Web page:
"I immediately called my friend Colonel Rezaul Kabir who was inside the Bangladesh Rifles (BDR) headquarters," the retired major general said of the events that broke out on February 25.
"He told me, 'You have to do something. About 20 soldiers are shooting at us,' Karim, a 57-year-old former BDR chief, said.
He was one of the last people to speak to Kabir, who was gunned down by BDR soldiers along with more than 70 other mostly senior military men during a 33-hour standoff at the three-square-kilometre (1.2-square-mile) compound.
Their bodies – disposed of in sewers and shallow graves – were discovered in the days after the bloodshed ended, with an estimated 1,000 guards apparently fleeing in civilian dress.
Tensions in the BDR, the paramilitary force that patrols Bangladesh's border with India and Myanmar, had been simmering for months over troops' demands for more pay, better conditions and a change in command structure.
Most senior BDR officers are seconded from the army for two to four years and border guards, who earn around $70 (Dh258) a month, complain they cannot get promotions, and that their grievances are not heard.
But many Bangladeshis cannot accept how a dispute over pay could end so savagely. Five men, including the accused ringleader, have been arrested.
"Despite the soldiers' grievances there comes a point where you think it must be intruders from outside. The brutality of this is unheard of," Karim said, adding that he believed most BDR troops who opened fire had not helped plan the mutiny.
"When there is an uprising it is easy for rank-and-file soldiers to get caught up in it. Not all BDR soldiers are rebels."
In April 2001, when Karim was in charge of the BDR, 16 Indian troops and three Bangladeshi soldiers were killed in one of the bloodiest clashes on the shared border.
"This may be revenge for what happened in 2001," Karim said. "There is a conspiracy. Our neighbours don't want our army and our BDR to be strong."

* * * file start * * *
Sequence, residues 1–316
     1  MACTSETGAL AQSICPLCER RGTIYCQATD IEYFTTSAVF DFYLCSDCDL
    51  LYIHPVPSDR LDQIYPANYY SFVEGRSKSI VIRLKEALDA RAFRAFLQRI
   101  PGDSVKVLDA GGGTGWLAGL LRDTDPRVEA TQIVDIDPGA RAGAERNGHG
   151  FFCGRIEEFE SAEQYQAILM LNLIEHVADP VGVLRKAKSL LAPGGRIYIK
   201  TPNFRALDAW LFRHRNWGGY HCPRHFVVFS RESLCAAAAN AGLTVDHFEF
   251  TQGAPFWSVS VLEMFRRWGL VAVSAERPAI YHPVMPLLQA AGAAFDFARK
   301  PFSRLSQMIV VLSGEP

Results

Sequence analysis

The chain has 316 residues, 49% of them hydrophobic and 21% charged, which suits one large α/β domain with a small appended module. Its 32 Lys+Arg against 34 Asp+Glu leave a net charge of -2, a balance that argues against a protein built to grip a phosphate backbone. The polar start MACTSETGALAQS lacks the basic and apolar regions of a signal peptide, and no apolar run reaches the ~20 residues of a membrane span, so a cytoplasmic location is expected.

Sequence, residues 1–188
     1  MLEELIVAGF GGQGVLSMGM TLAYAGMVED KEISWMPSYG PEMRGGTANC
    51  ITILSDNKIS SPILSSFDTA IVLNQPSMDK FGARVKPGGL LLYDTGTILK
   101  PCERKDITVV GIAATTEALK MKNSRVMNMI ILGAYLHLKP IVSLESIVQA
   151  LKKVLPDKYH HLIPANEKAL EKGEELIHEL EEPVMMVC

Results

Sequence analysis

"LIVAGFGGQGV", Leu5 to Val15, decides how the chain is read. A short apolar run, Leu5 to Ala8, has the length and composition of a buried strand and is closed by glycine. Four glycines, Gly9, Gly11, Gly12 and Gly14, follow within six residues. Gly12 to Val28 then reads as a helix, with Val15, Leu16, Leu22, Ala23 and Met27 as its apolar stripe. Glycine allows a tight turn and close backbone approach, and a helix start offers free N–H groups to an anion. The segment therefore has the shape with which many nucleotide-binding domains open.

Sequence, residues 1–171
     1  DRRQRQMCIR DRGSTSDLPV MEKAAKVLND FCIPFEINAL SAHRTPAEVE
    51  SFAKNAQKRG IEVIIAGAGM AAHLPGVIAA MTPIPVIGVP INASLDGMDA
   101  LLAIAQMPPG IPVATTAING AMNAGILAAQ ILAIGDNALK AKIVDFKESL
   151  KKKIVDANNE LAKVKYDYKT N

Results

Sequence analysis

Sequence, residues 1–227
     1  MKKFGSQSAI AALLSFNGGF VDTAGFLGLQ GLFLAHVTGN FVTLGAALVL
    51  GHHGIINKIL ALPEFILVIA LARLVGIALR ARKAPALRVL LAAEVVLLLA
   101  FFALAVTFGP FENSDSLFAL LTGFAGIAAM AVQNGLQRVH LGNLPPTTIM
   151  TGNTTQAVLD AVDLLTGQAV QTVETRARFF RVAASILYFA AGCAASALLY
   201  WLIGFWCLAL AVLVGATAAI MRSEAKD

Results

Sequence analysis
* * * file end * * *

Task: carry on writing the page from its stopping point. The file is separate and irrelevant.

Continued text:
India and Bangladesh have traditionally enjoyed warm ties – with newly elected Prime Minister Sheikh Hasina often criticised by anti-Indian quarters for her close relationship with the bigger neighbour.
The Indian media, meanwhile, has said a politician from the opposition Bangladesh Nationalist Party (BNP) with close links to Pakistan is to blame.
They say the mutiny is aimed at diverting attention away from war crimes trials Hasina has promised to hold against the Bangladeshis who sided with Pakistan during the country's bloody nine-month war of independence in 1971.
Others have accused Muslim extremists, with some pointing the finger at Islamic political party Jamaat-e-Islam, which has condemned the attacks.
Ataur Rahman, a professor of politics at Dhaka University, said the conspiracy theories could prevent the truth from emerging.
"If you confuse people the truth never comes out. We are currently heading for a state of confusion," he said. "It's a difficult and messy situation."
The violence has raised fears for the survival of Hasina's civilian government, which took over from an army-backed regime little more than two months ago, exposing deep tension between the elected leaders and the military.
The army has launched its own investigation into the killings.
It was reportedly furious with Hasina's promise of an amnesty – on which she later backtracked – for mutineers who surrendered, and her refusal to use force to end the revolt.
"We have to find out what happened, that's the duty of the government and the military, but in reality the full truth may never emerge," Rahman said.
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